1769
ENGLISH POETRY 1579-1830: SPENSER AND THE TRADITION

The Respite: a Pastoral.

St. James's Chronicle or British Evening Post (29 April 1769).

John Cunningham


A pastoral lyric in four double-quatrain stanzas, signed "John Cunningham, Durham, April 16." The theme of this pastoral is mutability, the imagery taking on an Ovidian quality, as when the flowers of the meadow suddenly appear to hover aloft: "like the Field-Flow'rets, if mounted on Wings, | Yon Butterflies flaunt it in Air!" The alternating lines (which Cunningham seems to have liked) also correspond to the theme. Cunningham was quite popular at this time, and his poems from the St. James's Chronicle were eagerly reprinted by the periodicals.



Ah, what is't to me that the Grasshopper sings!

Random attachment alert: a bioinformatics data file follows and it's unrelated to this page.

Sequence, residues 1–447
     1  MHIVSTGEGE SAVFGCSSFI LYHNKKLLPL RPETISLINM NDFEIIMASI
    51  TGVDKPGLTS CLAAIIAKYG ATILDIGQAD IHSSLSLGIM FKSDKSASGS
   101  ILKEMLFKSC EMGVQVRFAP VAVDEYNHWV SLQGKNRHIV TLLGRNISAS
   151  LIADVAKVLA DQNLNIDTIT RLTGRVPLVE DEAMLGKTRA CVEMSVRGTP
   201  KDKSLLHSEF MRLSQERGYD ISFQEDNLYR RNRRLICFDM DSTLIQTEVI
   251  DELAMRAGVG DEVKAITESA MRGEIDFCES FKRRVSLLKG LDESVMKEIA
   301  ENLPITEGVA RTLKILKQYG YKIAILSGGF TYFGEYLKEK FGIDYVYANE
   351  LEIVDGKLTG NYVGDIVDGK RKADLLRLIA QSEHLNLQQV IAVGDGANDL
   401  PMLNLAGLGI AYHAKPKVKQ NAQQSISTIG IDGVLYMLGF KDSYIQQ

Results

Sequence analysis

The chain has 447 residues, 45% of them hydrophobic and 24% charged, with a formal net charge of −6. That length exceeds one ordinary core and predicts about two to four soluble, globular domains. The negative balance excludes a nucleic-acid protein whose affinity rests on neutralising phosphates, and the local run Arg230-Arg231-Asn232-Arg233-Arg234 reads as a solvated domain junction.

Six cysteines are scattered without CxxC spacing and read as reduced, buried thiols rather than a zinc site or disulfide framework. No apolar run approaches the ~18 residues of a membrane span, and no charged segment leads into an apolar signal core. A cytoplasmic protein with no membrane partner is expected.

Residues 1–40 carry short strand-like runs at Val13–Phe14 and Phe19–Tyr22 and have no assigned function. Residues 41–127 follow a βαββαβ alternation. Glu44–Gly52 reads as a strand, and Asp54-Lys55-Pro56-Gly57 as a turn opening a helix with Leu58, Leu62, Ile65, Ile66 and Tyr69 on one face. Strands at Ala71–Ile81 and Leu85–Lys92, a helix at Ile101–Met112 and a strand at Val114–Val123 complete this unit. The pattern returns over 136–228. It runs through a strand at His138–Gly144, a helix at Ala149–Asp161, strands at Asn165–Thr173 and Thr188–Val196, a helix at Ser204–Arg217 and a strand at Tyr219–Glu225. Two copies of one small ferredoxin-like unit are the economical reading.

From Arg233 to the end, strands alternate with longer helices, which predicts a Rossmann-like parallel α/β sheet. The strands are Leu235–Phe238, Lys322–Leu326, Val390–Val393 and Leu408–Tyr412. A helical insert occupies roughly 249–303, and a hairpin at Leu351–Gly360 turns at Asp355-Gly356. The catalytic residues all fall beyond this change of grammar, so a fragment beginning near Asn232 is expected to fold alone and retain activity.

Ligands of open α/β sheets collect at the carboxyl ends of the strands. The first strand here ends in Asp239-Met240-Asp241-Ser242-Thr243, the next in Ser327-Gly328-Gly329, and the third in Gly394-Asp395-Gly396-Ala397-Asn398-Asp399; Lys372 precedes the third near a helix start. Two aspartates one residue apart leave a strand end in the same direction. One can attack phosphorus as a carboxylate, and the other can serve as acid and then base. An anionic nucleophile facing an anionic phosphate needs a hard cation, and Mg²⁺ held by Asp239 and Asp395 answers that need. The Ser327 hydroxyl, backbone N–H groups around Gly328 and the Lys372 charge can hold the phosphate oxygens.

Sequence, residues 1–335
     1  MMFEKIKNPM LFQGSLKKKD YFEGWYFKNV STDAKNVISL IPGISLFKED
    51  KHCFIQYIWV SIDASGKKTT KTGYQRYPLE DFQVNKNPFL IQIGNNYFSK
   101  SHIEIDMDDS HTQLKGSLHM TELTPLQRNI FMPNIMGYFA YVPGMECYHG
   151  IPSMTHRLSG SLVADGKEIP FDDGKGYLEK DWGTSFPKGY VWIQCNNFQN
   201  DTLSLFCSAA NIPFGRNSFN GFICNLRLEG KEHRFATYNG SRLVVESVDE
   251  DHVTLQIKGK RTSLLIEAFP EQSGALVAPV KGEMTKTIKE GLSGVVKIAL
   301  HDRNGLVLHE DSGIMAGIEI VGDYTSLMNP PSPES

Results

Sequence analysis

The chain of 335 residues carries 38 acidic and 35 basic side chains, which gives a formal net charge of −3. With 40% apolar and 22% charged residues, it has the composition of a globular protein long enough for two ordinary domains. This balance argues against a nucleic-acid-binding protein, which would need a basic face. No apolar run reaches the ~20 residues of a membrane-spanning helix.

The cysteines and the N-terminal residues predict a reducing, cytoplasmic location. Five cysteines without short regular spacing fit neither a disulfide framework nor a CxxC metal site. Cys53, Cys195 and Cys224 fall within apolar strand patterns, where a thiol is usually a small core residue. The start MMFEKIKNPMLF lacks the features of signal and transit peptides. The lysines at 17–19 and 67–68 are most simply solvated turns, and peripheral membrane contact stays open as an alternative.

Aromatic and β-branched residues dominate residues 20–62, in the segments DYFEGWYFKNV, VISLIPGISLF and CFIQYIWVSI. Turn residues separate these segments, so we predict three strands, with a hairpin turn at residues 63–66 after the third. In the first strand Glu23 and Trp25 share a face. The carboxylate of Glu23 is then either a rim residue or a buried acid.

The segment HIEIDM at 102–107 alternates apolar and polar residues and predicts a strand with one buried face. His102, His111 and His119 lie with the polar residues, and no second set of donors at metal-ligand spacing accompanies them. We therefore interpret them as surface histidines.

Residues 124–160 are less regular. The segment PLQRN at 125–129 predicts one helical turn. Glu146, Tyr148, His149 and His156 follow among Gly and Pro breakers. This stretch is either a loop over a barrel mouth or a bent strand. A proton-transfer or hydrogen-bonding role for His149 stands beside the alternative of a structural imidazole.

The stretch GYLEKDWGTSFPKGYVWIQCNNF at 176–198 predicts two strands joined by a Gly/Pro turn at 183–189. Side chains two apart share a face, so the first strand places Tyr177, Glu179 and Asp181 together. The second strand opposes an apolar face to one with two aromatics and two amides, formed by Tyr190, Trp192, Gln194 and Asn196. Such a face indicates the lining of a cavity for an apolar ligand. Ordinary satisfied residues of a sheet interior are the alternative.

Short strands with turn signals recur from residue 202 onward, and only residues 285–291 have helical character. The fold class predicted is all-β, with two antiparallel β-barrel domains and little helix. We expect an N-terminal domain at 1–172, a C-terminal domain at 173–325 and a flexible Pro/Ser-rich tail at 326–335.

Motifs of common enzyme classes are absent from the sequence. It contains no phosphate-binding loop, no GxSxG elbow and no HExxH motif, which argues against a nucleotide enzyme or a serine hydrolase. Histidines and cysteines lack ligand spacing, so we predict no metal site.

Or what that the Meadows are fair!
That, like the Field-Flow'rets, if mounted on Wings,
Yon Butterflies flaunt it in Air!
Ye Birds, I'll no longer attend to a Lay,
Your Haunts in the Forest resign;
Shall you, with your Truloves be happy all Day,
Whilst I am divided from mine?

Where Woodbines and Willows inclin'd to unite
We twisted a blooming Alcove,
And oft has my Damon, with Smiles of Delight,
Declar'd it the Mantle of Love:
The Roses that crept to our mutual Recess,
And rested amongst the soft Boughs,
Are faded — they droop — and they cannot do less,
For Damon is false to his Vows.

This Oak has for Ages the Tempest defy'd,
We call it the King of the Grove;
He swore a light Breeze should its Centre divide,
When he was not true to his Love:
Come, come, gentle Zephir, in Justice descend,
His Falsehood you're bound to display;
This Oak and its Honours you'll easily rend,
For Damon has left me — a Day.

The Shepherd rush'd forth from behind the great Tree
(Prepar'd to make Phillida blest)
And clasping the Maid — from an Heart full of Glee,
High Rapture, 'twas told him (by Masters in Love)
Too often repeated will cloy,
And Respites alone were the Means to improve,
Or lengthen the Moments of Joy.

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